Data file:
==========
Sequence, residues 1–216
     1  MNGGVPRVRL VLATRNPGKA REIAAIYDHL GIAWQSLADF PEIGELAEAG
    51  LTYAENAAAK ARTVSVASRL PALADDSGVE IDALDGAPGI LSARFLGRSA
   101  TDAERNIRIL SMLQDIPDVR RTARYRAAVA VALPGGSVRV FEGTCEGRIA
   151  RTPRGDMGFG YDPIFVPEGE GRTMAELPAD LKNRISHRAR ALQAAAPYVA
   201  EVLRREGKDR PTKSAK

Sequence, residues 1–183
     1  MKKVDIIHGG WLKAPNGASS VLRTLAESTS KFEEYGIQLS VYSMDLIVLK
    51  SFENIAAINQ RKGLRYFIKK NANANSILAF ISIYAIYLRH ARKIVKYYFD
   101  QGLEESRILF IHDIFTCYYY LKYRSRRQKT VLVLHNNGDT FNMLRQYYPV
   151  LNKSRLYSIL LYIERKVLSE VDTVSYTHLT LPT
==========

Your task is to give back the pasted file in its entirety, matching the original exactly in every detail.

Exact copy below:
Sequence, residues 1–216
     1  MNGGVPRVRL VLATRNPGKA REIAAIYDHL GIAWQSLADF PEIGELAEAG
    51  LTYAENAAAK ARTVSVASRL PALADDSGVE IDALDGAPGI LSARFLGRSA
   101  TDAERNIRIL SMLQDIPDVR RTARYRAAVA VALPGGSVRV FEGTCEGRIA
   151  RTPRGDMGFG YDPIFVPEGE GRTMAELPAD LKNRISHRAR ALQAAAPYVA
   201  EVLRREGKDR PTKSAK

Sequence, residues 1–183
     1  MKKVDIIHGG WLKAPNGASS VLRTLAESTS KFEEYGIQLS VYSMDLIVLK
    51  SFENIAAINQ RKGLRYFIKK NANANSILAF ISIYAIYLRH ARKIVKYYFD
   101  QGLEESRILF IHDIFTCYYY LKYRSRRQKT VLVLHNNGDT FNMLRQYYPV
   151  LNKSRLYSIL LYIERKVLSE VDTVSYTHLT LPT